Former Facebook product manager Frances Haugen came forward on Sunday as the whistleblower who filed at least eight complaints to the Securities and Exchange Commission last month containing tens of thousands of pages of internal company research. According to Haugen, the documents prove the social media giant has lied about the effectiveness of its public efforts to remove misinformation, hate and violent content from its platform.
“Facebook has realized that if they change the algorithm to be safer, people will spend less time on the site, they’ll click on less ads, they’ll make less money,” Haugen told Scott Pelley on Sunday’s “60 Minutes.”
Haugen said that the company is incentivized to make its content more divisive. “Facebook makes more money when you consume more content. people enjoy engaging with things that elicit an emotional reaction,” she said. “And the more anger that they get exposed to, the more they interact and the more they consume.”
Haugen, an Iowa native with a bachelor’s degree in engineering and an MBA from Harvard, admitted she secretly copied tens of thousands of documents after joining the company’s Civic Integrity unit in 2019.
The company knows that its algorithms amplify polarizing and hateful content, Haugen said, accusing Facebook of knowingly contributing to unrest in societies around the world. Profit outweighs safety on Facebook, according to Haugen.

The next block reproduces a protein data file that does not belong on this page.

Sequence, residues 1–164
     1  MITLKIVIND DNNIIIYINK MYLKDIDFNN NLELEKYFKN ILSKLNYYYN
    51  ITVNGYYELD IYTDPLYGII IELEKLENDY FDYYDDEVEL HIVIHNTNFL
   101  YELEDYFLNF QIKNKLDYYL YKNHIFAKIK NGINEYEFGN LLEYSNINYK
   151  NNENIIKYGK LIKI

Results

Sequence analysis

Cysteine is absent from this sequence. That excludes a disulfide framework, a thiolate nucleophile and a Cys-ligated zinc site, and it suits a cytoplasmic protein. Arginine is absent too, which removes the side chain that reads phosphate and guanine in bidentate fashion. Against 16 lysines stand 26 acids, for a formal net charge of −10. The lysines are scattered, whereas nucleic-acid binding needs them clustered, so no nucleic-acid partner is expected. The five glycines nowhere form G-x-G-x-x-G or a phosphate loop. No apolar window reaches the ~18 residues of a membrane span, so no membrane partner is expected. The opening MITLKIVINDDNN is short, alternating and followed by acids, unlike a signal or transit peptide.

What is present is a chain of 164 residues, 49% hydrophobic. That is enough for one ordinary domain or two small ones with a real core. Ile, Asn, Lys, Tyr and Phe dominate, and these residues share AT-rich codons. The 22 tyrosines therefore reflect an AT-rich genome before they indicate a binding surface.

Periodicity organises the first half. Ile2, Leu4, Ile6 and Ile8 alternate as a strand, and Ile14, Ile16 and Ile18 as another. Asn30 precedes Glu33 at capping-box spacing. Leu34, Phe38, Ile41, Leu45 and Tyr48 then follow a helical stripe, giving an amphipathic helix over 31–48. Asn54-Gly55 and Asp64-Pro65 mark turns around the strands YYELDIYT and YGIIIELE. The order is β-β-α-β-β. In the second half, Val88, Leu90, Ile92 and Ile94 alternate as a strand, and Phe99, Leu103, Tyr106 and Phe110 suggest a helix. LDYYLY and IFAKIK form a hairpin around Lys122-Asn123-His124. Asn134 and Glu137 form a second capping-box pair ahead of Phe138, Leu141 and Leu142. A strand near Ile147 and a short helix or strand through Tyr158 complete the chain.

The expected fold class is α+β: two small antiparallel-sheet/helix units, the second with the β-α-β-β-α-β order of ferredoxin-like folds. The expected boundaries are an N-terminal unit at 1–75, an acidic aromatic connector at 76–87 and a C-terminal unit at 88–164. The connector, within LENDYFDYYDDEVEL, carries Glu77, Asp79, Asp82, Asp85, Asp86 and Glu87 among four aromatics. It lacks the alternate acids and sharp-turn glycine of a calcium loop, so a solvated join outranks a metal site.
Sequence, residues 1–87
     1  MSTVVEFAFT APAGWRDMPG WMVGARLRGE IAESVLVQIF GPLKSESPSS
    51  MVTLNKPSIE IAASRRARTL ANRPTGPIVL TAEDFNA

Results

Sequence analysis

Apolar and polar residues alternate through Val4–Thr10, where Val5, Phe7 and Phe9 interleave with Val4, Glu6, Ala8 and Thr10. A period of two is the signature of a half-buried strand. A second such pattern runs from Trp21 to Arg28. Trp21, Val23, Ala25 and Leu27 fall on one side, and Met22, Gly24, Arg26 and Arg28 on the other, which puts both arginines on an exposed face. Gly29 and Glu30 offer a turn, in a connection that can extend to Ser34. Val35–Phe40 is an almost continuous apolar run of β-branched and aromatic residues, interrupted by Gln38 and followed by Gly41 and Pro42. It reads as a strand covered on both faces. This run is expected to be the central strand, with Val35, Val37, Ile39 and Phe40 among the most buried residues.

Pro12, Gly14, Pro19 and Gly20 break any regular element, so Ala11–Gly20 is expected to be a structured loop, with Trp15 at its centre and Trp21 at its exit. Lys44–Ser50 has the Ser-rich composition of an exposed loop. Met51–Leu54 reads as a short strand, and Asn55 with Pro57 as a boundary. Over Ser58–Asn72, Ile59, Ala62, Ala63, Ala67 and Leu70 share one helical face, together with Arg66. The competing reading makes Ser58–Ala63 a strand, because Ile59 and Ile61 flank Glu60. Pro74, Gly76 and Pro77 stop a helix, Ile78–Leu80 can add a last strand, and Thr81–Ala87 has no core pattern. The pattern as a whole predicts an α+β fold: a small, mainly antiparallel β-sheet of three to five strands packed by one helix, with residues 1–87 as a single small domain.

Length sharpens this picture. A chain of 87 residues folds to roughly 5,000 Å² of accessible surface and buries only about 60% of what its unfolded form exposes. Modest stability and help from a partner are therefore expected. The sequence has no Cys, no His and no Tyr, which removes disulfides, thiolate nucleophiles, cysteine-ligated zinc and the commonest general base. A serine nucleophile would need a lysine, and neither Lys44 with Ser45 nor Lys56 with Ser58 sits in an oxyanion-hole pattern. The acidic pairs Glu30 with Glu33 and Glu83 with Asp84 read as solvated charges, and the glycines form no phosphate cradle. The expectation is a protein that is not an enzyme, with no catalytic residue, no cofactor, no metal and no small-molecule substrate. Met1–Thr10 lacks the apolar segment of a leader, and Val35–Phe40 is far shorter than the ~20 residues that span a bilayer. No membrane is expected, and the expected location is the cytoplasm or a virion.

According to one internal document from Facebook’s own researchers that Haugen shared, the company was aware of poorly it was able to remove objectionable material from the site: “We estimate that we may action as little as 3-5 percent of hate and about 6 tenths of one percent of (violence and incitement on Facebook despite being the best in the world at it.”
Just after the 2020 election, Haugen said, Facebook turned off the safety systems that had been in place to reduce misinformation. “As soon as the election was over, they turned them back off or they changed the settings back to what they were before, to prioritize growth over safety,” she said. “And that really feels like a betrayal of democracy to me.”
Haugen said that the company’s own research details the harmful effects of, among other things, Instagram on teenagers and young women. “What’s super-tragic is that Facebook’s own research says, as these young women begin to consume this eating-disorder content they get more and more depressed, it actually makes them use the app more,” she said in an early clip from the interview. “And so they end up in this feedback cycle where they hate their bodies more and more.”
Haugen added, “Facebook’s own research says, It is not just that Instagram is dangerous for teenagers, that it harms teenagers — it’s that it is distinctly worse than other forms of social media.”
Facebook, which last week announced that it would postpone the launch of an Instagram app for kids under 13, has disputed these characterizations.